‘Yesterday’s decision represents a total ban on abortion in Poland as 98 percent of legal terminations in Poland are related to foetal malformations,’ Krystyna Kacpura, head of the Federation for Women and Family Planning, said.

‘It’s a disgrace from the Polish state towards half of the population, women. We’ll never forget it.’

Kacpura said the situation for women with modest means was particularly concerning.

‘They will just be left with various dangerous methods like abortions performed by non-qualified people with methods I don’t even want to discuss,’ she said.

‘We’ve simply been imposed Ceausescu’s era,’ she added, referring to Romania’s late dictator who severely restricted abortions to try and boost fertility rates. 

Thousands of people take part in a protest against the tightening of the abortion law in Krakow, southern Poland, on Friday night

Demonstrators rally outside a church in Katowice, Poland, on Friday night

A demonstrator wearing a mask takes part in protest against imposing further restrictions on abortion law, near the house of Law and Justice leader Jaroslaw Kaczynski in Warsaw

Protestors attend a demonstration against a decision by the Constitutional Court on abortion law restriction, in Warsaw

Police block a street near the house of Law and Justice leader Jaroslaw Kaczynski during a protest against imposing further restrictions on abortion law, in Warsaw, Polan

Protestors attend a demonstration against a decision by the Constitutional Court on abortion law restriction, in Warsaw, Poland

Protestors attend a demonstration against a decision by the Constitutional Court on abortion law restriction, in Warsaw

The court verdict drew immediate condemnation from the Council of Europe, the continent’s leading human rights organisation, whose Commissioner for Human Rights Dunja Mijatovic called it ‘a sad day for #WomensRights’.

Donald Tusk, a Pole who currently leads the European People’s Party after presiding the European Council, called the timing of the abortion issue ‘political wickedness’.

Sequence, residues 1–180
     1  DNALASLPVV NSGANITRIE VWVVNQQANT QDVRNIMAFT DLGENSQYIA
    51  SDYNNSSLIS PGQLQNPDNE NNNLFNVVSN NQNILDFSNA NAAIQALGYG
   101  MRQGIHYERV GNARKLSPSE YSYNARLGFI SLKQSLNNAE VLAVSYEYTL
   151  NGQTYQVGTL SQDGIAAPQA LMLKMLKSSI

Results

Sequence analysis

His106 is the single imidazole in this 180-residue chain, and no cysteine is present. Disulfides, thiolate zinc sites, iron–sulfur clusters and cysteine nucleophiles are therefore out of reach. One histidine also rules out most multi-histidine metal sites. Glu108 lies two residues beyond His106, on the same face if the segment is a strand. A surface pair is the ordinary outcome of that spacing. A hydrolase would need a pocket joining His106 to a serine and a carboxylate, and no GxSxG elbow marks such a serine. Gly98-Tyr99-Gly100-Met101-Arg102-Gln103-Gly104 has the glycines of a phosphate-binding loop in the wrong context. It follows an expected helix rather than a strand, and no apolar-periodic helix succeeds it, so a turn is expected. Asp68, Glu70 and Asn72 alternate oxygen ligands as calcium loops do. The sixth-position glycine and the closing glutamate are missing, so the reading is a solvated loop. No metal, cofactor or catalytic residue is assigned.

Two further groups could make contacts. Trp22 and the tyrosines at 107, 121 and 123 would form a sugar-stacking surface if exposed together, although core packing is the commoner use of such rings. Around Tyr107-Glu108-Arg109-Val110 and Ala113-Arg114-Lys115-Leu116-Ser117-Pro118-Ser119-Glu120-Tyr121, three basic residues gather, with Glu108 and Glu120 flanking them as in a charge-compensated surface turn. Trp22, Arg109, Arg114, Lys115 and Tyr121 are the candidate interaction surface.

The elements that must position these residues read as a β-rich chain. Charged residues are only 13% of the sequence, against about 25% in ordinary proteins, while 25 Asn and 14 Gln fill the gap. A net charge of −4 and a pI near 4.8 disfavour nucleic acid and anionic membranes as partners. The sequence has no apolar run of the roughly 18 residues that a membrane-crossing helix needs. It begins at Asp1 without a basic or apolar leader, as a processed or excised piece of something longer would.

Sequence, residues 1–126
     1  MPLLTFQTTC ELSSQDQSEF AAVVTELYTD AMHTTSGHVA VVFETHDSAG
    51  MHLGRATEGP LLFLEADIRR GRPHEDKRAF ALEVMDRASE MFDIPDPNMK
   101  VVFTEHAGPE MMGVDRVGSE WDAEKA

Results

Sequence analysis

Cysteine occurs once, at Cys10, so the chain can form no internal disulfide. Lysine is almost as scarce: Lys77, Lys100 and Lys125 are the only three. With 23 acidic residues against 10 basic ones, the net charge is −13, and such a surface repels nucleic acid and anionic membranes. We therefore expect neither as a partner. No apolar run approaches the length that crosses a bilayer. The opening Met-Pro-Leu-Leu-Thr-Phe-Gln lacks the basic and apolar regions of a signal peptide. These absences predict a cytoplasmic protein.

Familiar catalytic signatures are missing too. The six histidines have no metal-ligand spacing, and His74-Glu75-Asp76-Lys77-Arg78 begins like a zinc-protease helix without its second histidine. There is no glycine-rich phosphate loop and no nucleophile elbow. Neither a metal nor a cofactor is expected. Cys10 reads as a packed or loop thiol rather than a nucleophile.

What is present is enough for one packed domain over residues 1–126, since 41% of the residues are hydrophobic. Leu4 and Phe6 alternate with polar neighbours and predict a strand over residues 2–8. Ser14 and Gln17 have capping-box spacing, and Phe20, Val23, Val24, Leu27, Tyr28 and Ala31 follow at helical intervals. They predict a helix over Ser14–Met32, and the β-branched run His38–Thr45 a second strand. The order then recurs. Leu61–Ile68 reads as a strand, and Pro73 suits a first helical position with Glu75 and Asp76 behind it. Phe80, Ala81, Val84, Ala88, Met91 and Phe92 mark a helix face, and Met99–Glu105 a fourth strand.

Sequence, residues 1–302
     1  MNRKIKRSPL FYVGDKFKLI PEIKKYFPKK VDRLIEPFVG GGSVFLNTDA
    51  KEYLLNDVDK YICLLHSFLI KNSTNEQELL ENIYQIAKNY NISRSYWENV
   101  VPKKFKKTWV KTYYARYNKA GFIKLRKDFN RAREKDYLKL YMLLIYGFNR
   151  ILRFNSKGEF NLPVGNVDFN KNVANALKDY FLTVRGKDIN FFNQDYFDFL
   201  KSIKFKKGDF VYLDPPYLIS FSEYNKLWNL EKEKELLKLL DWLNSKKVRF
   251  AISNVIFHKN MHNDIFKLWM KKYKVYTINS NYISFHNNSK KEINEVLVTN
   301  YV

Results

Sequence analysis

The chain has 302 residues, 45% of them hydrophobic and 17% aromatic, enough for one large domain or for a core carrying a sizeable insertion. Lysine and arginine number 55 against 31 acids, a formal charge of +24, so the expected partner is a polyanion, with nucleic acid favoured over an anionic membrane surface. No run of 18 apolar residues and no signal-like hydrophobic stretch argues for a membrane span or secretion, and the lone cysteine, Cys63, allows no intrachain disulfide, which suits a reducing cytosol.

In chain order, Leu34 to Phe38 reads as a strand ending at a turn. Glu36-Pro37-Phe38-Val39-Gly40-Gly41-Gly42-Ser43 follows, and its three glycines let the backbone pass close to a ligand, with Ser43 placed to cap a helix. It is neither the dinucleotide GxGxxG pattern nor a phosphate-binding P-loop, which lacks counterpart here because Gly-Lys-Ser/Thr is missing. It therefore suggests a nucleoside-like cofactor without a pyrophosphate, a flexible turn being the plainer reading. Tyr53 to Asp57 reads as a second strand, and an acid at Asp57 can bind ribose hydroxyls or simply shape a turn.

‘Throwing the topic of abortion and a ruling by a pseudo-court into the middle of a raging pandemic is more than cynical,’ he tweeted.

The verdict is in line with what the governing right-wing Law and Justice (PiS) party wanted.

A protestor shows her hand written ‘Get the fuck out of here’ during a demonstration against a decision by the Constitutional Court on abortion law restriction, in Warsaw, Poland

A protestor shows a V sign with her finger during a demonstration against a decision by the Constitutional Court on abortion law restriction, in Warsaw, Poland

Protestors hold a banner reading ‘Women’s Strike’ as they attend a demonstration against a decision by the Constitutional Court on abortion law restriction, in Warsaw

People protest against imposing further restrictions on abortion law, near the house of Law and Justice leader Jaroslaw Kaczynski in Warsaw, Poland

From now on, abortions will only be allowed in instances of rape or incest, or if there is a threat to the mother’s life.

The Polish presidency and Archbishop Stanislaw Gadecki, the head of the Polish Episcopal Conference, welcomed the verdict.

The constitutional court has been reformed by the PiS government, and has since been accused of counting many judges loyal to the party in its ranks.

The country of 38 million people sees fewer than 2,000 legal abortions a year, but women’s groups estimate that up to 200,000 procedures are performed illegally or abroad.